Reposted from the Freedom of the Press Foundation

Filed Under: , , , , ,

Rate this comment as insightful
Rate this comment as funny
You have rated this comment as insightful
You have rated this comment as funny
Flag this comment as abusive/trolling/spam
You have flagged this comment
The first word has already been claimed
The last word has already been claimed
Insightful Lightbulb icon Funny Laughing icon Abusive/trolling/spam Flag icon Insightful badge Lightbulb icon Funny badge Laughing icon Comments icon

Comments on “US Officials Have No Problem Leaking Classified Surveillance Information… As Long As It Fits Their Narrative”

Subscribe: RSS Leave a comment
gezzer (profile) says:

Time to get rid of the bumbs ! !

“But when a long train of abuses and usurpations, pursuing invariably the same object evinces a design to reduce them under absolute despotism, it is their right, it is their duty, to throw off such government, and to provide new guards for their future security,”
Thomas Jefferson wrote this in the Declaration of Independence .

Unaccountable power is absolute power, & is absolutely corrupt !

So VOTE just don’t vote for a Democrat or Republican, send them a message they can’t ignore and will understand ! ! ! They are the problem not the solution !

Anonymous Anonymous Coward says:

Re: Time to get rid of the bumbs ! !

Um, sorry, but it is likely that these leaks were by bureaucrat’s and we don-t elect them. Even if we replaced all of Congress as well as the President we would still be stuck with those. It would take some massive firings in the Federal government to get rid of them, and like a forrest fire that could be a good thing (so long as it does not also burn down the house, but why are they living in the woods?). Where are we going to find 536 people (435+100+1) with that kind of chutzpah?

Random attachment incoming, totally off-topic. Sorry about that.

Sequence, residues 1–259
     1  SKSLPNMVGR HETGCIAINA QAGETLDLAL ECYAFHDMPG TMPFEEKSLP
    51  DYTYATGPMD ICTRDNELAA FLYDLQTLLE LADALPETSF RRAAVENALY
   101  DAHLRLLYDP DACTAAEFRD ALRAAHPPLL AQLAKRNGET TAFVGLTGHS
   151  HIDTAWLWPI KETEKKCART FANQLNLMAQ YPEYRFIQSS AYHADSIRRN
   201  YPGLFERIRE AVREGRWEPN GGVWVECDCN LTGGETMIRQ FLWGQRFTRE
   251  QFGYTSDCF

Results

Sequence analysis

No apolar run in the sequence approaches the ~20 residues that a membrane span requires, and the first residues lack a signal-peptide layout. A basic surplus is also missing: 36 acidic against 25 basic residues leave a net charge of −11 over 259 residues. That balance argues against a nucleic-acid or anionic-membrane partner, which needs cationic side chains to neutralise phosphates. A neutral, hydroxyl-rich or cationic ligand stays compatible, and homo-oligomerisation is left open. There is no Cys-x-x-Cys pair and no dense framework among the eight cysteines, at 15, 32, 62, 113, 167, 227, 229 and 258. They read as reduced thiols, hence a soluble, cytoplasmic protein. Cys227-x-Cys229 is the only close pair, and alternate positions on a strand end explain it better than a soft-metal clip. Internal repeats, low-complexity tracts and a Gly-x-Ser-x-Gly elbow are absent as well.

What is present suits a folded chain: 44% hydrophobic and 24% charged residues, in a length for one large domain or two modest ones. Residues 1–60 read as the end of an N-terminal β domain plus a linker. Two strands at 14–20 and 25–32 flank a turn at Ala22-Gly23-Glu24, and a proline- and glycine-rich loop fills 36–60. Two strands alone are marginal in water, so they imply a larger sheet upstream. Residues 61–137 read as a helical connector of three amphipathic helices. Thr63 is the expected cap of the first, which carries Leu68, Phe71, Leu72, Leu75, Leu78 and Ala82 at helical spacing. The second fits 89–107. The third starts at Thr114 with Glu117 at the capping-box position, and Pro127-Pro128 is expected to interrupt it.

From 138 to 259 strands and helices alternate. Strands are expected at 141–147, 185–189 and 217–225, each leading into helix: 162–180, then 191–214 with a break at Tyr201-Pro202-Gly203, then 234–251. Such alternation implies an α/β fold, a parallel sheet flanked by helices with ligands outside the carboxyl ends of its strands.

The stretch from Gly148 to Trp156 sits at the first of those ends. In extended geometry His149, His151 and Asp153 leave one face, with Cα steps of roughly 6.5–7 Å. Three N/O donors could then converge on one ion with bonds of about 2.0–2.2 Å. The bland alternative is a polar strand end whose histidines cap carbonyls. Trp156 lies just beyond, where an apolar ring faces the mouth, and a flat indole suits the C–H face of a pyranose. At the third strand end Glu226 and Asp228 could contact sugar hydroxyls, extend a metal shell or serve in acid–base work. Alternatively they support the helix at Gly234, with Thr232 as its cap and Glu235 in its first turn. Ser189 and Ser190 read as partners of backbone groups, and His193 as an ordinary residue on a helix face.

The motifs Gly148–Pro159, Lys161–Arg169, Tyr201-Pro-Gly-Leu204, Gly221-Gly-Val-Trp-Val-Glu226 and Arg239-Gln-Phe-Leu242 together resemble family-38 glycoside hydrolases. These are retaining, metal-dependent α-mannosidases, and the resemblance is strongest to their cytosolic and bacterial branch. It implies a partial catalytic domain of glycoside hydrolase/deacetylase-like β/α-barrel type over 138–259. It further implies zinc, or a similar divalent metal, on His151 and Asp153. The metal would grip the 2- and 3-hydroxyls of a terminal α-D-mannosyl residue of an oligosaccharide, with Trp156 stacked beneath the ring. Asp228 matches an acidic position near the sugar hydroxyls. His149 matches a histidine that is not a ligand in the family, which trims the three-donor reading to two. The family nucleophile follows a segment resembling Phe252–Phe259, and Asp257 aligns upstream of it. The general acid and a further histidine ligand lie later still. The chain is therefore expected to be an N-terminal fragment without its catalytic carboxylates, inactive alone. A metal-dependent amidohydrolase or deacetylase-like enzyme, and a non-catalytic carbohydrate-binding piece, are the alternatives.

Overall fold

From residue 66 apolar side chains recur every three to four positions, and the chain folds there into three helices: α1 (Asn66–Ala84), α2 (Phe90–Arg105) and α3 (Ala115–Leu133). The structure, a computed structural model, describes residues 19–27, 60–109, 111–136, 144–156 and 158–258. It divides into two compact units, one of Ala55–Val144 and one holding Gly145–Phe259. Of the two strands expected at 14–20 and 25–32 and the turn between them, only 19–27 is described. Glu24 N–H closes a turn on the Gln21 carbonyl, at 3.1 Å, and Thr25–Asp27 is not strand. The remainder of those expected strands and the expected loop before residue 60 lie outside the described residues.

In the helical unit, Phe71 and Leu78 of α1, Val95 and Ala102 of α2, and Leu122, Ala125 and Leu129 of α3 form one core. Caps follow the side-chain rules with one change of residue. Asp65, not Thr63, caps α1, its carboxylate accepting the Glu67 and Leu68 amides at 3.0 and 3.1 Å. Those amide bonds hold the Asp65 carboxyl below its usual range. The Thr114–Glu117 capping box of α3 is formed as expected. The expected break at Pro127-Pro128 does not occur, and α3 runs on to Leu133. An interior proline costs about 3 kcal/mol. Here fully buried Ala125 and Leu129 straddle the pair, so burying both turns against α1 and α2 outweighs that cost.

Some might argue that institutional memory is important. I say it is most of, or at least a great deal of the problem.

That One Guy (profile) says:

Simple really

It’s really not that hard to understand.

If a leak makes the government look good, no matter how sensitive, valuable or classified the information is, it’s a ‘Good leak’, and acceptable.

If a leak makes the government look bad, no matter how sensitive, valuable or classified the information is, it’s a ‘Bad leak’, and unacceptable.

Anonymous Coward says:

Even the most virulent commentators who claim that Snowden was a traitor for leaking classified information had no problem publishing similarly leaked information about this potential terrorist attack.

On an unrelated note, I’m still puzzled why journalists and news organizations are all giving up on having comment sections connected to their stories.

That Anonymous Coward (profile) says:

So when they leak, it is always a good thing.
When other leak, it is always a bad thing.

Yet the law makes no distinction about good leaks vs bad leaks. Given the amount of meta-data they have access to it should be easy to identify those people who violated their oaths and punish them to the fullest extent of the law as they demand for others who have done the same thing.

If they do not investigate these leaks (which we know they will not) they really need to just admit the law is only to be used against those that make them look bad. Many other people can see this clearly and need to make more noise about it. This isn’t a red or blue thing, this is something showing the hubris and rot inside the system. They place themselves and their friends above the law, and this is not how a healthy nation operates.

Coyne Tibbets (profile) says:

Prioritizing secrecy

Well, you’ve got to understand our surveillance priorities in order to have a clear view of this.

Priority for terrorists: Meh. The group that leaked doesn’t exist anymore, it was disbanded for protocol violations. Plus, no foreign terrorist is ever going to sue NSA in court for surveillance; foreigners have no standing. So it’s no big deal if we prove the worth of our surveillance by once in a while dropping names.

On the other hand, revelations about surveillance of U.S. citizens is a priority concern. First off the bat, we have all these radical elements in the citizen population; especially the (eek) commies…oops, I mean liberals. They must be watched. The problem is that citizens have standing to sue: if they find out they’re being watched, OMG! Well, they just can’t find out, that’s it.

Terrorists, who cares about leaks, leaks are good for our image; U. S. citizens, talk about us watching them and we’ll hang you from the yardarm…TRAITOR!